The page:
650-Million-Year-Old Fossils Are Earliest Animal Life, Scientists Say





Fossils of what could be the oldest animal bodies have been discovered in Australia, pushing back the clock on when animal life first appeared on Earth to at least 70 million years earlier than previously thought.

The results suggest that primitive sponge-like creatures lived in ocean reefs about 650 million years ago. Digital images of the fossils suggest the animals were about a centimeter in size (the width of your small fingertip) and had irregularly shaped bodies with a network of internal canals.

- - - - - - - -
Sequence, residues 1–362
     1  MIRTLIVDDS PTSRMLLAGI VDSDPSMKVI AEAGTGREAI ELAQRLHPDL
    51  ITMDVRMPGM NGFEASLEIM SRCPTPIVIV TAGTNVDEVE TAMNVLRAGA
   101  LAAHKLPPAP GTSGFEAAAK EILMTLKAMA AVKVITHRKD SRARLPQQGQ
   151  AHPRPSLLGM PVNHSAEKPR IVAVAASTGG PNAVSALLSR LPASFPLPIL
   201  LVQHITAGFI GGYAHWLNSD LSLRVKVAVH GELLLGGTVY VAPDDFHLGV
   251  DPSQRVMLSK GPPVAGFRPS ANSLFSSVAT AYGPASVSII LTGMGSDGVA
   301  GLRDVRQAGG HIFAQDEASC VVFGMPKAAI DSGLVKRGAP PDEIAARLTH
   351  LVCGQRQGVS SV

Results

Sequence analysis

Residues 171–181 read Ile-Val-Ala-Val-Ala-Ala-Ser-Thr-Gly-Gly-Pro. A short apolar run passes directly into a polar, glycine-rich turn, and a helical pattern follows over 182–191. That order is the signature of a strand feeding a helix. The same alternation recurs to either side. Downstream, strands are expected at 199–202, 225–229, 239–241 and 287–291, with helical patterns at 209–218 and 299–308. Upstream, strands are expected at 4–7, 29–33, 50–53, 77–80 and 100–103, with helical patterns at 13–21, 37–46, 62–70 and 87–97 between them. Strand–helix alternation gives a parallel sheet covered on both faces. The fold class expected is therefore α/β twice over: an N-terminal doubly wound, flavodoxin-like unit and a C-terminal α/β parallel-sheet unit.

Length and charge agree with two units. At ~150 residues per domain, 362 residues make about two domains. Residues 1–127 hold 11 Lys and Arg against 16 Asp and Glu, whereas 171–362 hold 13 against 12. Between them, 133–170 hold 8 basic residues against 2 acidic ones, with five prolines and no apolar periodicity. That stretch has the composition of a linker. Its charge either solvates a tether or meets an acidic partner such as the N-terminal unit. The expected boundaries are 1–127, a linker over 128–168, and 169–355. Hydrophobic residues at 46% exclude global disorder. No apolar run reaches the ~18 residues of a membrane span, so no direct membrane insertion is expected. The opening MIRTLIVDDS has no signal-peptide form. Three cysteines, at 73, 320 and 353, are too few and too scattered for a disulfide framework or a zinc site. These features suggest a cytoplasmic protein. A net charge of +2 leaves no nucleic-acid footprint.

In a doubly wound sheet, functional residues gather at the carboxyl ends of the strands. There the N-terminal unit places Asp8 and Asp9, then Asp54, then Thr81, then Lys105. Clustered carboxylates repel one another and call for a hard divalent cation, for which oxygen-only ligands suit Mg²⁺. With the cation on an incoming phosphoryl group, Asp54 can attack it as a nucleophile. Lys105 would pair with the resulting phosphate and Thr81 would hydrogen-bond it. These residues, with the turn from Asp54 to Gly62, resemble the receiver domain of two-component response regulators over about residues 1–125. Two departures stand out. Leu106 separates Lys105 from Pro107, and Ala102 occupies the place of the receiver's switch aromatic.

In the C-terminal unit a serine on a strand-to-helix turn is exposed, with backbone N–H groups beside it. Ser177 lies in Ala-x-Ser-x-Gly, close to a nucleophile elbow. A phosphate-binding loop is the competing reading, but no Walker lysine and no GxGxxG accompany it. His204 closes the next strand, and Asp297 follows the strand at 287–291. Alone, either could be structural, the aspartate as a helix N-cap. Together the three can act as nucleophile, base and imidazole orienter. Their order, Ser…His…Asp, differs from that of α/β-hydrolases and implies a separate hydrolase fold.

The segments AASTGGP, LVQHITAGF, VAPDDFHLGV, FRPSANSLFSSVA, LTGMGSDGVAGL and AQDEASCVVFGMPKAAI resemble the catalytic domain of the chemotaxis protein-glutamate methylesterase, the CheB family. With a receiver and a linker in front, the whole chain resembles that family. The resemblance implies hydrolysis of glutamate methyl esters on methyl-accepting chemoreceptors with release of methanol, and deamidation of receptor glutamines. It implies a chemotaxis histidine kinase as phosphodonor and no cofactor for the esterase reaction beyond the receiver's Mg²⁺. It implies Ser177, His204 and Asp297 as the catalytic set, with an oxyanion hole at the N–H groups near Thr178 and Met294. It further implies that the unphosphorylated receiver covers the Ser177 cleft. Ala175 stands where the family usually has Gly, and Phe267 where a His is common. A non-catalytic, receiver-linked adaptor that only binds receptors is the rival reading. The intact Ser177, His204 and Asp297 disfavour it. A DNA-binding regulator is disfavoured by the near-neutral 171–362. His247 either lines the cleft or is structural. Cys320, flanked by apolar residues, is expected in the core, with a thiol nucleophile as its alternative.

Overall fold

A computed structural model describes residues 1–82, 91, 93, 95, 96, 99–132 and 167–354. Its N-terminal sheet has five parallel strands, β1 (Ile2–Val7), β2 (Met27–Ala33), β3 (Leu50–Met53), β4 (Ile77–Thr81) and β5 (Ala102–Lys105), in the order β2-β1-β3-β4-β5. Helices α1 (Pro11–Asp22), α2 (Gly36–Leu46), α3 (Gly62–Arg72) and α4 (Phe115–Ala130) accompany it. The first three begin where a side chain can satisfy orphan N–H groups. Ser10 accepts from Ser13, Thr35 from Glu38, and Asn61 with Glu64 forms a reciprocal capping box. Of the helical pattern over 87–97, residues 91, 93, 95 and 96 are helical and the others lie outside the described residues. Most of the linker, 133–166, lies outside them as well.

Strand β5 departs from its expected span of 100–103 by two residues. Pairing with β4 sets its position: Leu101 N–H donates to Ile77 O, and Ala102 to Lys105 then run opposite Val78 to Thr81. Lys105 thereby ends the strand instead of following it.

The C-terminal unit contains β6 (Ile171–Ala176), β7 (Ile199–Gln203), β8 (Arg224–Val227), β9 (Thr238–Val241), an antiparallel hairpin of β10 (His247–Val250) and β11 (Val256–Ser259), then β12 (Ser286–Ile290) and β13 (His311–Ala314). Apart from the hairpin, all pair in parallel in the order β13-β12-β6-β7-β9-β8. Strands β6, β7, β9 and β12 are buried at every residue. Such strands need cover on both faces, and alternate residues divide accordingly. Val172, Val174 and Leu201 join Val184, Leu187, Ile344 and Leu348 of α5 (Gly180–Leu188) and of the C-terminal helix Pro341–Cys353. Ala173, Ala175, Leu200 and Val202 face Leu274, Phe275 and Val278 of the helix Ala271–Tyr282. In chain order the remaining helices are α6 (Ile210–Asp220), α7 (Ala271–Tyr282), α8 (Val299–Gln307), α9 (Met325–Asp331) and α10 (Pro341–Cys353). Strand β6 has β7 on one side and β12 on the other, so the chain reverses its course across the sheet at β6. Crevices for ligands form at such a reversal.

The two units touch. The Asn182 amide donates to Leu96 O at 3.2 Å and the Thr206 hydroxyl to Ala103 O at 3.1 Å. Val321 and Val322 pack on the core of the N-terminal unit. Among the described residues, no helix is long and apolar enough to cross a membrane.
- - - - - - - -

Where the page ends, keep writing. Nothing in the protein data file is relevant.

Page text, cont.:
The shelly fossils, found beneath a 635 million-year-old glacial deposit in South Australia, represent the earliest evidence of animal body forms in the current fossil record. Previously, the oldest known fossils of hard-bodied animals were from two reef-dwelling organisms that lived around 550 million years ago.

Researchers have identified controversial fossils of soft-bodied animals that date to the latter part of the Ediacaran period between 577 and 542 million years ago.

The research was funded by the National Science Foundation's (NSF) Division of Earth Sciences....


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